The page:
64.9 F
Tuesday, October 3, 2023
Home Government Holding Court: Where There’s a Will . . .

Holding Court: Where There’s a Will . . .

(PHOTO: Rye City Court Judge Joe Latwin in his office on Monday, December 5, 2022.)
(PHOTO: Former Rye City Court Judge Joe Latwin in his old Rye City Court office on Monday, December 5, 2022.)

Holding Court is a series by retired Rye City Court Judge Joe Latwin. Latwin retired from the court in December 2022 after thirteen years of service to the City.

What topics do you want addressed by Judge Latwin? Tell us.

By Joe Latwin

There is really no good excuse for not having a Will. A Will is a document that leaves your instructions as to whom you wish to receive your property upon your demise, who you want to manage your property after your death, and if you have minor children, whom you want to be their guardians. If you don’t have a Will, there can be great expense to get your affairs settled – way more than the cost of a Will. To make a Will, you must be eighteen years of age or over, and of sound mind and memory. It doesn’t take much to be of sound mind and memory. Basically, you need to know the natural objects of your bounty (your relatives) and have a general idea of what property you have. It takes less mental capacity to make a Will than it does to make a contract.

A Will is required to be executed in a certain, but not complex manner. With few exceptions, every Will must be in writing. It must be signed at the end and the signature must be acknowledged by the person making the Will in the presence of witnesses. At some time during the ceremony of execution and attestation, the person making the Will must declare to each of the attesting witnesses that the instrument to which his signature has been affixed is his will. It must be attested by two witnesses who shall, within a thirty-day period, both attest the testator’s signature, as affixed or acknowledged in their presence, and at the request of the testator, sign their names and affix their residence addresses at the end of the Will. An experienced attorney will also have the witnesses sign a self-proving affidavit of due execution upon completion of the execution of the Will describing how it was executed. This affidavit will create the presumption the Will was properly executed and allow the Will to be easily Probated absent a challenge.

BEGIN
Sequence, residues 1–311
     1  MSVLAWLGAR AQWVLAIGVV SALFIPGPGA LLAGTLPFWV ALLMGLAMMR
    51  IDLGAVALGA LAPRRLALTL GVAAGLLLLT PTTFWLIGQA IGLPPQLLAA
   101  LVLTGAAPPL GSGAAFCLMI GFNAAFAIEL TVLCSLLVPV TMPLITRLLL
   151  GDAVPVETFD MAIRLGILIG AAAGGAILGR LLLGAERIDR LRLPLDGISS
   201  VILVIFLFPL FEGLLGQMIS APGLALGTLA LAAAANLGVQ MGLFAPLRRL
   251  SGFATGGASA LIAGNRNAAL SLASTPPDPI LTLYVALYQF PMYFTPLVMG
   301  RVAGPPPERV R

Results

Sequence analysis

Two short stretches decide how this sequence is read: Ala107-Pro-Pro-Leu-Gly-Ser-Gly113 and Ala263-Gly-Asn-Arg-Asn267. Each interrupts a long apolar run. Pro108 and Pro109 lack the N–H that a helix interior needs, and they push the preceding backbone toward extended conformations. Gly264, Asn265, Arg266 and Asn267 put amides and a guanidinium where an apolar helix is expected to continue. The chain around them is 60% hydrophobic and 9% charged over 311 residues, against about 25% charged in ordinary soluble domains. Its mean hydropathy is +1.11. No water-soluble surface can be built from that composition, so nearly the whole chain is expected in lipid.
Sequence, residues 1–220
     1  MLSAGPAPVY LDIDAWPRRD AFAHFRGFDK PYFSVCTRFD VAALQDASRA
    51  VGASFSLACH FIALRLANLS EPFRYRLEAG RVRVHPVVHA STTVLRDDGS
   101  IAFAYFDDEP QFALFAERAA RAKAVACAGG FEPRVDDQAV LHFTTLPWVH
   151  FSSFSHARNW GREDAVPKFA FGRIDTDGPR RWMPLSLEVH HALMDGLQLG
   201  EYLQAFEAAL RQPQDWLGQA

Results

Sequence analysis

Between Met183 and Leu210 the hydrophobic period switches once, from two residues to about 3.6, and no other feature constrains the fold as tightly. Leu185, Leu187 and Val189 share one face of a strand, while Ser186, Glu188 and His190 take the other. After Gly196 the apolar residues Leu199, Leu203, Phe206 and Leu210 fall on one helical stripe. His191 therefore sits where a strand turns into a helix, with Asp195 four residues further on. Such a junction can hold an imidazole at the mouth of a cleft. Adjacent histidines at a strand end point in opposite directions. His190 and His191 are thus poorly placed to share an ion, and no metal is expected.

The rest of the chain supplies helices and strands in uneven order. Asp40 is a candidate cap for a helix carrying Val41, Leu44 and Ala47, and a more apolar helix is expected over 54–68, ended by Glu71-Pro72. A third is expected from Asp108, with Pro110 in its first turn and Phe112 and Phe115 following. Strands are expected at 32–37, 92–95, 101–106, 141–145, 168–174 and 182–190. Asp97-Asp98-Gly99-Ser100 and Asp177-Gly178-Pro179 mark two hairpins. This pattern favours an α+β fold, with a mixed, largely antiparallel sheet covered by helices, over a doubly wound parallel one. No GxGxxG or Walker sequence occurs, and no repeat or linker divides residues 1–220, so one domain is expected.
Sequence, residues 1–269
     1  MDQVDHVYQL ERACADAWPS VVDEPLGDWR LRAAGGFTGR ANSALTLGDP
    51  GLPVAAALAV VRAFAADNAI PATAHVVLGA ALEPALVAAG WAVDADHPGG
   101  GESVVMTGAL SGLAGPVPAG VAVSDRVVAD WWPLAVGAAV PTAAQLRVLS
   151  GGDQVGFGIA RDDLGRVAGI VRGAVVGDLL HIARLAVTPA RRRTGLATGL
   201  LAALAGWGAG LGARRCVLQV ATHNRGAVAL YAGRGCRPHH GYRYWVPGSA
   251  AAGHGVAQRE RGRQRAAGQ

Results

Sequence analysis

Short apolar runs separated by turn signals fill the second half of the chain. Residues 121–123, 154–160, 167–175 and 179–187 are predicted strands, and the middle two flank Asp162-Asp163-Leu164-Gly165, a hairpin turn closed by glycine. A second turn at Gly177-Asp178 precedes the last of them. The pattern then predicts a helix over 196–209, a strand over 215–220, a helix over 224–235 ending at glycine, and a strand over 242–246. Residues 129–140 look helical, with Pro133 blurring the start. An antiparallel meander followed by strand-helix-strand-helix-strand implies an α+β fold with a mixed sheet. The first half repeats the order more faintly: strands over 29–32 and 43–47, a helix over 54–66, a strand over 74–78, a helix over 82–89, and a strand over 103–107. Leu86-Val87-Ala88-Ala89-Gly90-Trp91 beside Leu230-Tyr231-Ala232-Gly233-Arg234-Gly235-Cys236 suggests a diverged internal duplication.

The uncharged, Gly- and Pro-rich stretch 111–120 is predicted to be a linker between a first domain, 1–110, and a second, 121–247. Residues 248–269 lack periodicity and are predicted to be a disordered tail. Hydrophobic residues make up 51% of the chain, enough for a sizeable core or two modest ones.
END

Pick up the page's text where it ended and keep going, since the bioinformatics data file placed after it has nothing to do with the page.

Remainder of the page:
If you don’t have a Will, your property will pass under the laws of intestacy. That may or may not be what you want, especially if your heirs have special needs or unusual circumstances. Also, the Court will choose who manages your affairs, not you. There is also a cost for someone not named in your Will to be named to manage your affairs. The Court will require them to post a bond. The cost of such a bond may equal or exceed the cost of a simple Will, with your heirs paying that cost instead of receiving the money it costs.

Upon death, the Will must be Probated – that means to be proved. Not much is required. A petition of the person seeking to manage your affairs, the original Will and a certified copy of the Will, a copy of the death certificate, a notice to the people named in the Will and those who may be adversely affected by the Will, and the filing fee (based on the size of the Estate) are usually all that must be filed. If no one entitled to challenge the Will files timely objections, the Will will be admitted to Probate and the authority given to the person who will manage the Estate will be granted.


Please enter your comment!
Please enter your name here